Myth: DCIM is about monitoring.


Executives today cannot afford to mistake monitoring for managing. Monitoring energy usage at the device level gives you mere data – a single-dimensional perspective on a specific device at a specific point in time, without context. The data must be deciphered or assimilated so you can make sense of it.
Managing energy usage across the power chain requires context-rich information about all of the interrelationships that exist between assets – holistic information that is immediately meaningful and actionable, and lets you track power all the way from the transformer on the street down to every device on every rack.
This insight is best found in an interactive, navigable 3D environment that validates the axiom, “a picture’s worth 1,000 words.” Humans are innately visual creatures, making interactive 3D visualization the perfect environment for presenting holistic information that leads to swift, insightful decision-making. Interactive 3D visualization is core to Data Center Infrastructure Management because it’s the most effective way for IT executives to wrap their arms around the incredible complexity of the modern data center. Conventional 2D spreadsheets or static 3D images, for example, cannot possibly represent the web of interrelationships that a power chain encompasses.

Myth: DCIM is about power.


In its early days, Data Center Infrastructure Management was born of the need to understand and reduce energy consumption. “DCIM is an offshoot of the green IT initiative and originally was designed to do basic energy monitoring, reporting and management at the data centre level,” says analyst David Cappuccio of Gartner. This statement may be true, but DCIM with interactive 3D visualization has evolved far beyond power.
As a solution that integrates IT physical infrastructure management, facilities management, and systems management, DCIM is transforming how the IT ecosystem is seen and managed. A true DCIM solution is a game-changer across a spectrum of challenges:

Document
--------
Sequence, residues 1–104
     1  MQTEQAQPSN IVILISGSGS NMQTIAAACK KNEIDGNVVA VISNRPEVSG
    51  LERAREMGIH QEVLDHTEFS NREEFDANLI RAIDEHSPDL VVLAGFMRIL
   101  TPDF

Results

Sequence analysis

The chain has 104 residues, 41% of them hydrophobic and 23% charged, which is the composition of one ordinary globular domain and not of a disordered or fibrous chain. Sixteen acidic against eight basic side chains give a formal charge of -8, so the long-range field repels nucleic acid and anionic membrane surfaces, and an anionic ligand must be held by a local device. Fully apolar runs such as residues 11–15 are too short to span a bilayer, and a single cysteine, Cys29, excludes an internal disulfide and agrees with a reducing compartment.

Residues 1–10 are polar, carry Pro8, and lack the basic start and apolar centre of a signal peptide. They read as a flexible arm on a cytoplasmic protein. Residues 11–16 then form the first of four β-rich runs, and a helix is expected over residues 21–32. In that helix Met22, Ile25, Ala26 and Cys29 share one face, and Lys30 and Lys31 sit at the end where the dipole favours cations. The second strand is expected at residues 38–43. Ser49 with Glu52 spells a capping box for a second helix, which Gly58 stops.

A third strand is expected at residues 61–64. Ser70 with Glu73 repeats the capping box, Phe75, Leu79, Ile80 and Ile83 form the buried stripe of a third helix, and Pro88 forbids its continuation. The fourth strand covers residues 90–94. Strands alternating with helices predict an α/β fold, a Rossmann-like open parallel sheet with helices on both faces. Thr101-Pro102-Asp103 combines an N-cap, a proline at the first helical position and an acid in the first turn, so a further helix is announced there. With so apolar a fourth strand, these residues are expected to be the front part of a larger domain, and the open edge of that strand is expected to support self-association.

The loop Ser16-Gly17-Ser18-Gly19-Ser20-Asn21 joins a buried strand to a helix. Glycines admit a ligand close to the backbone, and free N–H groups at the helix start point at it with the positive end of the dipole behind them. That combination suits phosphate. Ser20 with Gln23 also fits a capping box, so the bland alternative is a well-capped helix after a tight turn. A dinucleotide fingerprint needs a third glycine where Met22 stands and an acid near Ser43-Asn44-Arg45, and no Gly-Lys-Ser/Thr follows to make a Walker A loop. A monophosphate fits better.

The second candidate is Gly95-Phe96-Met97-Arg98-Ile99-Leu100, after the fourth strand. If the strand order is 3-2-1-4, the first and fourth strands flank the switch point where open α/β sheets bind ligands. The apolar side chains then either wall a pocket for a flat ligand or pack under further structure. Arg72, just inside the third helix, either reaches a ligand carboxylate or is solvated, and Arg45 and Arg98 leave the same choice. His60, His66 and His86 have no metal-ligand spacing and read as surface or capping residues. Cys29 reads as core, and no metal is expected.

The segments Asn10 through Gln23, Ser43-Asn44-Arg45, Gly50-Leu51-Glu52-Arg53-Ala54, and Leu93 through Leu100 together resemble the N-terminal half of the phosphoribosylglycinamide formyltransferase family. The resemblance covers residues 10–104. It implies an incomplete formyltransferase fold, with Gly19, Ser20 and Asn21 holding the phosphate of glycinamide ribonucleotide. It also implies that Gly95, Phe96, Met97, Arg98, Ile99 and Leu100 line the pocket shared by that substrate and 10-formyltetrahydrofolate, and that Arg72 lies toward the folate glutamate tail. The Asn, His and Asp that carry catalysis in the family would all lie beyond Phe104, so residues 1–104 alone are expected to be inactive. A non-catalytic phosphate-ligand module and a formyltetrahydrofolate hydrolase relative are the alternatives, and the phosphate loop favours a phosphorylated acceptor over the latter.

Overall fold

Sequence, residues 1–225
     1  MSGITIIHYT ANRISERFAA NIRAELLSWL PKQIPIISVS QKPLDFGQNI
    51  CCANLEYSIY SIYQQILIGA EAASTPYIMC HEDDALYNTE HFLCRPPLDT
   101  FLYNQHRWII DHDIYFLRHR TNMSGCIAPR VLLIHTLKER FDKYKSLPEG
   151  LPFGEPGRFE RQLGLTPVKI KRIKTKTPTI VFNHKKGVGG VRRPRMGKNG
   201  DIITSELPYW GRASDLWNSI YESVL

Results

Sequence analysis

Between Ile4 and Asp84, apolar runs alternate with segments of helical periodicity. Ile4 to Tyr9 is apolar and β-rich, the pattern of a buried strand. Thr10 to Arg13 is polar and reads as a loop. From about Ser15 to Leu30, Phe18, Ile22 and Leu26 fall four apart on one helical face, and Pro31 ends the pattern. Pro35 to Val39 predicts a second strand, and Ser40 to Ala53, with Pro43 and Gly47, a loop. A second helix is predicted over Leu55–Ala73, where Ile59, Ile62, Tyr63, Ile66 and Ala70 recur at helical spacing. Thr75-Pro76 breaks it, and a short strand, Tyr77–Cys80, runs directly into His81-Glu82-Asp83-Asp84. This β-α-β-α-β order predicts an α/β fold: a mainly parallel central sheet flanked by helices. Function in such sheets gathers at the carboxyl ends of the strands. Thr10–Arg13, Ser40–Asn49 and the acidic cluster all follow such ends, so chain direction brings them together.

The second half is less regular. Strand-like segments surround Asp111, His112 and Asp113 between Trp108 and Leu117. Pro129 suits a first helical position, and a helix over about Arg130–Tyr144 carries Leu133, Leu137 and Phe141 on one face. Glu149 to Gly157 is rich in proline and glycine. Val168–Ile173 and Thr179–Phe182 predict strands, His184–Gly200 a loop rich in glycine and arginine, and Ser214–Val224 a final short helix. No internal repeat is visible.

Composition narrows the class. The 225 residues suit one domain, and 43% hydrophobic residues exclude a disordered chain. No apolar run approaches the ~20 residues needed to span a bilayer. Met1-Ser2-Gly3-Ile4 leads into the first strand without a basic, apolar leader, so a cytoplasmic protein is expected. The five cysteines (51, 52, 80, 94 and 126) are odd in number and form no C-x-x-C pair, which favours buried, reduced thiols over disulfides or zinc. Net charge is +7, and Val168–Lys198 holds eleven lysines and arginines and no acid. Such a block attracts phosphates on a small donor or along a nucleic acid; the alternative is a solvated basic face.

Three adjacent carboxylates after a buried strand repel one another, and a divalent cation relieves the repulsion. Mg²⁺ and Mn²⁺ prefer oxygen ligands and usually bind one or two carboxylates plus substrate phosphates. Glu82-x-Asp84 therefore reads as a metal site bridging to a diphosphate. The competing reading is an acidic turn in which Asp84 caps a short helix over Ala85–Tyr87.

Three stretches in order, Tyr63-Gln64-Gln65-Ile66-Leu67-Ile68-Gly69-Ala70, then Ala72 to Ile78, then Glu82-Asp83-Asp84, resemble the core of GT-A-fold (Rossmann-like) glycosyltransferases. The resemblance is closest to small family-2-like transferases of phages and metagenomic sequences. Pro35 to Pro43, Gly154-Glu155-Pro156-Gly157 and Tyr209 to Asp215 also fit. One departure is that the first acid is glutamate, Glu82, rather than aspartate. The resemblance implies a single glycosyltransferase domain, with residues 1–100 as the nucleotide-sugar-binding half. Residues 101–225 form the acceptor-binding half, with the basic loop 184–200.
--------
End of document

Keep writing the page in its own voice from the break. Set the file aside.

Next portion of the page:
• Energy management. Reducing energy consumption and costs – priority #1 in data centers worldwide.
  • Asset management. Optimizing the utilization of assets throughout their lifecycles, from acquisition to decommissioning.
  • Availability management. Proactively identifying the impact of failures and maintenance outages on data center service levels.
  • Risk management. Establishing controls and records-keeping to meet regulatory requirements such as Sarbanes-Oxley, HIPAA, etc.
  • Service management. Monitoring the satisfaction of service requests to identify gaps and implement corrective actions where needed.
  • Supply chain management. Improving coordination of equipment delivery and disposal, resolving bottlenecks that can increase operating costs.
  • IT automation. Automating the planning and execution of infrastructure service requests, eliminating manual steps and speeding time-to-delivery.

The bottom line

The physical layer has increasingly become the single point of IT operational dependency in a world of increasing convergence. DCIM is the natural evolution of this process. The physical layer is now being treated with the same level of priority as the logical layer. Investments in managing the logical layer are shifting to investments in managing the physical layer.
As more than a few executives have proclaimed – “it’s about time